Secure your students spot by filling out a registration form today.
No payment is required to register

FAQs

What is Cotillion?

Centuries ago, "Cotillion" referred to a formal dance, attended by upstanding young people as a social event. In keeping with Southern tradition, we use the term "cotillion" to refer to the classes we teach comprised of etiquette, manners, basic dance instruction and leading up to a formal Grand Ball where learning is on display for family.

How many students are there per class and who may attend?

Ideally a class is comprised of 20 girls and 20 boys, although we may increase or decrease the class size depending on the situation.  All current 7th and 8th graders living in Hendricks County are eligible to participate.

What is the dress code?

We ask that young men wear slacks with a belt and leather shoes, as well as a button-up shirt and tie or bow-tie, and a sport coat or jacket.  Young women are asked to wear knee-length skirts or dresses with appropriate shoes with a strap that are slick soled.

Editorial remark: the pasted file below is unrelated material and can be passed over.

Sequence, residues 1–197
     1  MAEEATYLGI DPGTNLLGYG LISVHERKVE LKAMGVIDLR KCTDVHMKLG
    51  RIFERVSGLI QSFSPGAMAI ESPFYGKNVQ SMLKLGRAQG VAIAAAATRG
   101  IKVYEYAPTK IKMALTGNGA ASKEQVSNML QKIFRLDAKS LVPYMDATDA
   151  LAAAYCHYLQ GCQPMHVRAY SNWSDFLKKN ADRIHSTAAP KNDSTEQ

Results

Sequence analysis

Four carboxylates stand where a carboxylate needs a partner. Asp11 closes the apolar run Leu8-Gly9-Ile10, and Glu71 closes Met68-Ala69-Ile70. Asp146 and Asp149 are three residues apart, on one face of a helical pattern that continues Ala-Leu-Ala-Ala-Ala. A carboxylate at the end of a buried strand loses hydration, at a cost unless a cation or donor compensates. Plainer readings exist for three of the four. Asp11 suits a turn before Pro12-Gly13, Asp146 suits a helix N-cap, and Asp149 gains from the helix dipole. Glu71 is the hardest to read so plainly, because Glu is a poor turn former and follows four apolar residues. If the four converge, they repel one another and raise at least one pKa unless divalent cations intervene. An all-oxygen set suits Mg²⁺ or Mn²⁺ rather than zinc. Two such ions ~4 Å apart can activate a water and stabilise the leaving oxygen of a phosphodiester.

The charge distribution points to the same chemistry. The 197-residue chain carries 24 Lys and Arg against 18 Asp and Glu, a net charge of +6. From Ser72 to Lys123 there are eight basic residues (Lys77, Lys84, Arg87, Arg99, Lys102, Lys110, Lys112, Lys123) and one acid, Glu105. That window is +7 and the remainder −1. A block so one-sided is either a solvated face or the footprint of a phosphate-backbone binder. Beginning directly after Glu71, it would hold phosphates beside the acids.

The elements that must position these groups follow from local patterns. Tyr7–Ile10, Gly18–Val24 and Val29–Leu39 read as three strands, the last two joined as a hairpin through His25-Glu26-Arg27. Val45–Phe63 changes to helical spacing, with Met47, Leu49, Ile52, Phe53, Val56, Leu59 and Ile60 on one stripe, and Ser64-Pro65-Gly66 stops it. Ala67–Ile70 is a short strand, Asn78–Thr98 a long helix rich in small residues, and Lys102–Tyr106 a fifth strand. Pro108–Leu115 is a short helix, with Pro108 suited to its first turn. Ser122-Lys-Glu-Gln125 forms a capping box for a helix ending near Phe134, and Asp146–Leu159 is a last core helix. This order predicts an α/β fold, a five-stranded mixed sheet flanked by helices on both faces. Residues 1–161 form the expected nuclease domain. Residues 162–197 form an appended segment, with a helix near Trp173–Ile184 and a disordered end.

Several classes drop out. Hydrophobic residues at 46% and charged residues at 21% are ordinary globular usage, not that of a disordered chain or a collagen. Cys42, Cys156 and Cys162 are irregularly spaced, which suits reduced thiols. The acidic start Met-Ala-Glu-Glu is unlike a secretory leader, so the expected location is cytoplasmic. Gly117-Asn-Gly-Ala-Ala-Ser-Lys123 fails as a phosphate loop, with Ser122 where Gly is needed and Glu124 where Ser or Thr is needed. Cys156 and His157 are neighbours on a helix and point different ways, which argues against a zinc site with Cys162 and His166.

Are there scholarships available?

Scholarships are available assessed on a needs basis.  You may download the scholarship form off the website HERE 

Are parents allowed to watch the class?

Parents are welcome to come early and meet the instructors and ask questions only before the first class. Parents will be able to see all of their students hard work on display during the the Grand March during the last session on March 15.  There will also be a parent handout given to students at the end of the first class.

What happens at the Grand Ball?

Parents will drop students at the front entry as usual.  Students will participate in a catered dinner that is covered in their class fees.  Family members will be invited to return for the last half hour of class to observe the Grand March where the students will formally enter the dance floor.  Students will demonstrate their ability and knowledge of the four dance steps they learned during classes.  Students will receive their graduation certificate and then are dismissed.

 
Copyright 2019 Barbarann's

Some of the social Graces

#1: Listen before speaking


It is an important life session to be a better listener than a talker. In today’s society, listening is one of the hardest skills to master with the pace of life and all of it’s distractions. It doesn’t mean you have to be silent. Social graces remind us to pay attention, don’t interrupt and let others speak. First impressions are often based on our ability to listen.